Currently, I need help and a lawyer because my, academically intelligent, high-functioning, and professionally working husband wants to get back partial custody of our kids after he gave me 100% custody in court to agree to my terms to work on our marriage. He is now accusing me of taking his kids away from him. The kids and I do not live in the same house with him, but we're still marriage and sometimes do things as a family when he's not angry.

It's complicated and I am exhausted. I do not want my husband to have even partial custody of the kids because I worry that he will become angry unexpectedly and possibly abusive with them when I'm not around. He does not have a pattern of abuse with the kids, however, he has be in abusive rages with me, name calling, yelling, and throwing things in front of the kids because he can't control his emotions when he becomes angry until a few hours to days later.

What I want to ask the community is what do you tell your kids when they see their father verbally in rage and sometime throwing things for minor issues? They are old enough, 9 and 12 years old daughters, to know their father's behavior is different from their friends' fathers. How do you explain their father having a mental disorder, such as BPD, to your kids or should you not? It is becoming increasing obvious that their father's behavior is irrational and unexplainably angry as they've seen many times.
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« Reply #4 on: March 18, 2019, 11:43:36 AM »

That sounds like a tough situation.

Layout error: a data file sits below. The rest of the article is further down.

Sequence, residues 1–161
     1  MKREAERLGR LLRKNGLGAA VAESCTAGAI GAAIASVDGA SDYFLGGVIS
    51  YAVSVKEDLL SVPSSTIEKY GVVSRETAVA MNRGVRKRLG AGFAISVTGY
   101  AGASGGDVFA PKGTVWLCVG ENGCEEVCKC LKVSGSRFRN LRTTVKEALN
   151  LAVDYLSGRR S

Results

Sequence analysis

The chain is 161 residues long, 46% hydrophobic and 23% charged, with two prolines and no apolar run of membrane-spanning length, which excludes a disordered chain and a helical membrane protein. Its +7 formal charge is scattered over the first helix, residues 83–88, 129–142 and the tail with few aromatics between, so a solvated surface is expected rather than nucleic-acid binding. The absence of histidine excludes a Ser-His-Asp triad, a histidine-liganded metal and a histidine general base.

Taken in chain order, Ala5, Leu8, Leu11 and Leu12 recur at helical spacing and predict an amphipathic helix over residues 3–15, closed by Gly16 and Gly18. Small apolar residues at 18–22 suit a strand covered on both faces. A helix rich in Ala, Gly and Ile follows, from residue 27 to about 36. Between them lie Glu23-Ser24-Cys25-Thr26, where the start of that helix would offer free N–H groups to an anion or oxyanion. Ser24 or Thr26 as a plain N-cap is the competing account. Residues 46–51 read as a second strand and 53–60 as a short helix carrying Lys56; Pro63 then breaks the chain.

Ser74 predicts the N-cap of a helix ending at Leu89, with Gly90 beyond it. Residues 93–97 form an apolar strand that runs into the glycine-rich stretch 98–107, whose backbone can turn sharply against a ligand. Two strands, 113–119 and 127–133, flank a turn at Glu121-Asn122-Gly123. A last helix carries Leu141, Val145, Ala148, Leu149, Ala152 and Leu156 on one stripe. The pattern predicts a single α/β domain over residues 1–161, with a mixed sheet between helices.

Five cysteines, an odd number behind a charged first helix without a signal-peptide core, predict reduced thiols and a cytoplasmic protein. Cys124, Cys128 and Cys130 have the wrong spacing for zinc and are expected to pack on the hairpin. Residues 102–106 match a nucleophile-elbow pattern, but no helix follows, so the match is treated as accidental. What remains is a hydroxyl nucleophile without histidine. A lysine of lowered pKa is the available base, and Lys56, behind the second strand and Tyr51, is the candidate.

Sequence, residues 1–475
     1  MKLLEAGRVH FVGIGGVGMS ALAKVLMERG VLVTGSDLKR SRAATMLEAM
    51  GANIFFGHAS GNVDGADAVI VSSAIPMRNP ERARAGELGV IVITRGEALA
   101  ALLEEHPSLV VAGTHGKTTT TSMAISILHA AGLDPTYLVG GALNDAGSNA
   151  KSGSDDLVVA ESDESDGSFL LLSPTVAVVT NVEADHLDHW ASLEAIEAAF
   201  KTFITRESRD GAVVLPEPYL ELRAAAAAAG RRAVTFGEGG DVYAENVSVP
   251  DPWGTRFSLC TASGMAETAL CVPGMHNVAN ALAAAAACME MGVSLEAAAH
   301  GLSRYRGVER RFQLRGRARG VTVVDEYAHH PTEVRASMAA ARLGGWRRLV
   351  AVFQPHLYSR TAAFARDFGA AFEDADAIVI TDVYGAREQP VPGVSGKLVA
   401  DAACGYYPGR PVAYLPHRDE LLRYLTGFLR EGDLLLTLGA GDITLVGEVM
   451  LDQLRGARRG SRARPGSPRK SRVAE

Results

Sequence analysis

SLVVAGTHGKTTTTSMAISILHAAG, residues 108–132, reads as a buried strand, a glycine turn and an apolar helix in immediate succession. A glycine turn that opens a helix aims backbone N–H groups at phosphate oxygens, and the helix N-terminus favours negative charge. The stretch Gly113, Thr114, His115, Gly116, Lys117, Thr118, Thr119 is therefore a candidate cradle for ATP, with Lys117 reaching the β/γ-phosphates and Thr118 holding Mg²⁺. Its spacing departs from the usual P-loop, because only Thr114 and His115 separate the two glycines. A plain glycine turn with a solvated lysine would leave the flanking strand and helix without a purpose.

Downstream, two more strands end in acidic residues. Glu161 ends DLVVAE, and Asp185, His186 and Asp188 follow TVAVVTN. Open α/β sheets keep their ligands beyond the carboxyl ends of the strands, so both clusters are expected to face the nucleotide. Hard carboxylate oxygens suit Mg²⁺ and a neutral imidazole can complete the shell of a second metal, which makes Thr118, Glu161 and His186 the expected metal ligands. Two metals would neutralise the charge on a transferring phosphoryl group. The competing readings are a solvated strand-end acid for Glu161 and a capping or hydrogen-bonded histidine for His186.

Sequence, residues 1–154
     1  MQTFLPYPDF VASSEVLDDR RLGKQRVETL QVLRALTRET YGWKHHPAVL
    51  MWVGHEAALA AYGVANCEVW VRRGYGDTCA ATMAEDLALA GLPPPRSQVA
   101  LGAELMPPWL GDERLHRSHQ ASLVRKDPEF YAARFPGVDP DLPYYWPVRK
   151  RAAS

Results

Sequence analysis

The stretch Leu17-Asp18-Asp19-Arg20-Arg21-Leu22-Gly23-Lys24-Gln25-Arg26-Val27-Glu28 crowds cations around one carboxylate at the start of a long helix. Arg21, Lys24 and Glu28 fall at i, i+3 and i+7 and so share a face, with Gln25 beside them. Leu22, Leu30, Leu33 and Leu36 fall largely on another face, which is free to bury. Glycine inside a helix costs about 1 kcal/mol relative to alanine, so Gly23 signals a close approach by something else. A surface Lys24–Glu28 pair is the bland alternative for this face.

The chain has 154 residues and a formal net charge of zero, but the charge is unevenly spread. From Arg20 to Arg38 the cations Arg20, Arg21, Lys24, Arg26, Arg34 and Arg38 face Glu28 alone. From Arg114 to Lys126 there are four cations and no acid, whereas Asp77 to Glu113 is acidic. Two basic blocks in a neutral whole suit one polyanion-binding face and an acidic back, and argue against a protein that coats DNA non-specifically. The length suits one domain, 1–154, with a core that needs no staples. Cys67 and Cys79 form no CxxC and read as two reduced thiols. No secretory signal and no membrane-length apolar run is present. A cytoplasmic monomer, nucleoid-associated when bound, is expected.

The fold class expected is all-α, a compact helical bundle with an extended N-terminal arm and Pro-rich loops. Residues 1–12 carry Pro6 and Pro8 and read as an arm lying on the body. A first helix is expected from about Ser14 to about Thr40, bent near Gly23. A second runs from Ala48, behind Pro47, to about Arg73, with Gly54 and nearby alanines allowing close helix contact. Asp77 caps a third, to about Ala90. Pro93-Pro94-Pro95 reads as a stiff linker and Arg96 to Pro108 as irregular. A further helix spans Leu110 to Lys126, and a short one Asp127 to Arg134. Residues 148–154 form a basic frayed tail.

Are your kids in therapy?  In my state, judges default to ensuring that each parent can see the kids but a therapist's recommendation can be really influential in determining how often a disordered parent is allowed to see them - and whether it has to be supervised visitation.

A lawyer will be able to help you understand what the laws are in your state.  In mine, your H would be able to go to court and easily get partial custody - some jurisdictions don't care so much if the kids have witnessed domestic violence, but they do care if the kids have been the victims.  (We googled "<cityname> lawyer custody mental illness" to get a list of potential lawyers.)

My SD11's mother is diagnosed with an anxiety disorder, but she meets all the criteria for BPD.  We've chosen not to mention BPD to SD...but we talk regularly about how her mom's brain works differently than ours, and that mom's brain interprets comments and actions in a very very different way than people who don't have her disorder.  We reassure that it isn't SD's fault, and that SD can't fix her mom or change mom's actions.  We empathize that yes, we also feel sad for mom, but the only thing in our power is to help SD set strong boundaries so she isn't impacted too much by her mom's unhealthy behavior and coping patterns. 

Since your H rages, it's also important to teach the girls how to protect themselves, if they haven't already figured it out.  My dad had PTSD and anger issues.  We learned as small kids to be quiet and watch and listen to figure out what dad's mood was that day, and we learned how to remove ourselves from the situation when he was triggered.